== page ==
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Air Dryers

What Are Air Dryers?

Air dryers are extremely important to the health of your air system. They remove excess moisture which eases the load on filtration and allows for better removal of other contaminants. Moisture is the enemy of your air system and the dryer is responsible for removing it.

Due to the importance of moisture removal, ensuring you have the best dryer for your application is essential. There is little difference between the air dryers in many instances, and your decision may come down to upfront cost and energy consumption. It is crucial to understand your system before adding anything new to it.

Three Types of Air Dryers

Refrigerant Air Dryers

Refrigerant air dryers are the most commonly used air dryers, and this is due to their price and ease of use across multiple applications. By cooling the air down using refrigeration, these dryers cause condensation to be formed and directly removed from the air stream. These systems do not get below 38°F to avoid the risk of potential freezing in the system. Even with this inherent risk, these dryers remain tried and true in the compressed air industry.

Desiccant Air Dryers

Desiccant air dryers, often called adsorbing dryers, operate differently than refrigerant air dryers. Rather than cooling the air down, the air passes through desiccant beads with a high affinity for water. As the air passes through, moisture is collected by the beads and removed from the air stream. This technique allows the air to reach extremely low dewpoints. With low dewpoints comes a decreased likelihood of condensation build-up at the end of the line.

Membrane Air Dryers

Membrane air dryers are the least commonly used variation of compressed air dryers. These dryers use water migration by passing it over a membrane with a high affinity to water. This membrane builds up the water vapor until it passes through to the low-pressure side. This side has to have air passed through it to move the water vapor elsewhere to be collected and removed from the system. The downside to these dryers is the requirement of precious compressed air to be used away from the point of use.

The Science Behind Air Dryers

So as air exists around us, it exists at atmospheric pressure, about 14.6 PSI at sea level. So if you have 1 square foot of air at atmospheric pressure, and then you increase that pressure to 150 PSI, you are reducing the space that air exists into a tenth of its size. So all the water molecules floating around in that space have been forced into a much smaller area.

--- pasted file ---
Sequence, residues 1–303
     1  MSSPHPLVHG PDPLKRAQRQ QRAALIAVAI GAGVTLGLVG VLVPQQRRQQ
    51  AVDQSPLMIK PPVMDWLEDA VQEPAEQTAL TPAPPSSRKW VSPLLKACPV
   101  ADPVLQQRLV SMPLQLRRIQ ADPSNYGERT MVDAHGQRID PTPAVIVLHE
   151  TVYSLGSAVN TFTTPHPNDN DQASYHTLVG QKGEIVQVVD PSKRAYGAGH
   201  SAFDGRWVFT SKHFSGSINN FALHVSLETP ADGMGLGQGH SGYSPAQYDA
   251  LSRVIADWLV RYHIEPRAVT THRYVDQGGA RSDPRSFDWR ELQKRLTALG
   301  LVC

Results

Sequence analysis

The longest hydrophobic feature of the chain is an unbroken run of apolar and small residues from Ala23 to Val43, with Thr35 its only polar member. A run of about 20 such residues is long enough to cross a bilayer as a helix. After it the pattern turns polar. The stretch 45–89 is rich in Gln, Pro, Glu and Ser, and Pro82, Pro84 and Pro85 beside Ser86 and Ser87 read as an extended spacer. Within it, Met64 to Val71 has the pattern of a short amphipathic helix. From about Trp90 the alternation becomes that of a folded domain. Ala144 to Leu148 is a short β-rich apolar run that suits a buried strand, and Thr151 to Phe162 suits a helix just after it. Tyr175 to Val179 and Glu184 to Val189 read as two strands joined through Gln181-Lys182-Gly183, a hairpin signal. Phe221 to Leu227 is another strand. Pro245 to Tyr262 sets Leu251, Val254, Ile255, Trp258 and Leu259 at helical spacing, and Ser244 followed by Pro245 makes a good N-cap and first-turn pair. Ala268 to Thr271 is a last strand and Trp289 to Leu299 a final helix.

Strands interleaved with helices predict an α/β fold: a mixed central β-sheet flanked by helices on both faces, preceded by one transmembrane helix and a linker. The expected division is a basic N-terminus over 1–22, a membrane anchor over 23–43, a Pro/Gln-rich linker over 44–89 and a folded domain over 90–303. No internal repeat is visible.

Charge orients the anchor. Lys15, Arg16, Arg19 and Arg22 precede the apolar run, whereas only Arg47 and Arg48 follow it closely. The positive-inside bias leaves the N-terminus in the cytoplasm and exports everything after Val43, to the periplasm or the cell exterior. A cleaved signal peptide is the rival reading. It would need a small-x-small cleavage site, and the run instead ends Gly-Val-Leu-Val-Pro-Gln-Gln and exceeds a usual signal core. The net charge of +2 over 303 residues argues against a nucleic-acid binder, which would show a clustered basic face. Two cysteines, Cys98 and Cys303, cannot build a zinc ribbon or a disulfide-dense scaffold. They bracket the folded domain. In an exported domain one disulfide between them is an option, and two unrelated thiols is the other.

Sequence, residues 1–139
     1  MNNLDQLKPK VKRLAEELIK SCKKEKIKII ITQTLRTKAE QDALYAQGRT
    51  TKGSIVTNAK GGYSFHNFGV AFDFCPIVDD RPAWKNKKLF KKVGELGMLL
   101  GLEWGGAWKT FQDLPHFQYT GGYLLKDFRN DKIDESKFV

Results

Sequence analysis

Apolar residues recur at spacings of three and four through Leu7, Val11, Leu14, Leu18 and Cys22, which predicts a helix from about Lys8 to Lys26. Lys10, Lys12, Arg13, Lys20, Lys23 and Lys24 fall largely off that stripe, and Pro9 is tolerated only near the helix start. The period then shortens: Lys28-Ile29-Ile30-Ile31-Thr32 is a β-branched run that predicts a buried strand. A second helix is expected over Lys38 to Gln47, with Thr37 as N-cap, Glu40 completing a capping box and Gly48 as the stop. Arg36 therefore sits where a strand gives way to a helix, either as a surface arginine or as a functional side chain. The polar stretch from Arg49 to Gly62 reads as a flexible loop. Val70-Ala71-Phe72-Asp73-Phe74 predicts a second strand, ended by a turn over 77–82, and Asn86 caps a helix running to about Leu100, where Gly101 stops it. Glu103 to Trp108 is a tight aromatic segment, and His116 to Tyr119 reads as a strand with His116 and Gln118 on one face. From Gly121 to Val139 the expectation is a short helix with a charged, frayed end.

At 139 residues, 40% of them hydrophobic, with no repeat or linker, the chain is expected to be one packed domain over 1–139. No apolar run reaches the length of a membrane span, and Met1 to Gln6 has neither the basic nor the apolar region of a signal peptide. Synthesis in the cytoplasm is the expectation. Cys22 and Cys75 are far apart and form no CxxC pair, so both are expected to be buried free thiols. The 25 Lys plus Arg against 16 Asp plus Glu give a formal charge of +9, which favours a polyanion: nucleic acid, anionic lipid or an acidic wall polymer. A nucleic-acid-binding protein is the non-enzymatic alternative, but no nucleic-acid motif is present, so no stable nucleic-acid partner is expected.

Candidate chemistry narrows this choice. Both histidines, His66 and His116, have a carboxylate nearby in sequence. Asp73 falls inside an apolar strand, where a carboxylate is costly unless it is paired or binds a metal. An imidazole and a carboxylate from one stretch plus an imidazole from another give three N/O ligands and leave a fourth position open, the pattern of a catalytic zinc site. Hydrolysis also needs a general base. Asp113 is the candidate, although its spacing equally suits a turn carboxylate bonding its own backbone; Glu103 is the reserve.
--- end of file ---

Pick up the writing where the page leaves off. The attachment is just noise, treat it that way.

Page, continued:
Desiccant Dryer Flow

Desiccant air dryers are known for reducing the air’s dewpoint to extremely low temperatures. A standard dew point that a regenerative dryer expects is −40 °F; when the air leaves, there is as much water in the air as if the air had been “cooled” to −40 °F. These air dryers typically come in two variations: single canister and twin tower units. As the names suggest, the difference between the two is the number of chambers filled with desiccant. Typically, these models are split between heatless and heated.

Refrigerant Dryers
  1. Incoming air enters an air-to-air heat exchanger where the air that enters is cooled off by outgoing air that has been cooled already.
  2. Next the air goes into an air-to-refrigerant heat exchanger that drops the temperature of the air down to 38ºF from the liquid refrigerant.
  3. The cooling of the air causes the moisture to collect and condense. This water is then collected and is drained away.
  4. The air then finishes its path through the dryer by entering the air-to-air heat exchanger to cool down the incoming air and prevent the pipes from sweating.
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High-Temperature Air Dryers

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Shop Air Dryers By Style

Refrigerated Air Dryers

Refrigerated dryers are the most common type of compressed air dryer. They remove water from the air stream by cooling the air to approximately 3 °C (38 °F) and effectively condensing out the moisture in a controlled environment. 3 °C (38 °F) is the realistic lower limit for a refrigerated dryer because a lower temperature runs the risk of freezing the separated water. They are typically specified as primary dryers and generally produce air quality that is appropriate for approximately 95% of all compressed air applications.

Desiccant Air Dryers

Desiccant is an exceptionally adsorbent material due to its high affinity to water. In addition, they pull moisture from the air due to their hygroscopic properties. In other words, it can keep the area in immediate contact with the air dry by removing all the moisture into the center of the bead and containing it to allow more water to be adsorbed. This process continues until the beads become entirely saturated and need to be switched out. These dryers work year round with no problem due to the dew point can be made by a desiccant. These dryers have the capability to filter moisture in air that is as low as -100°F.

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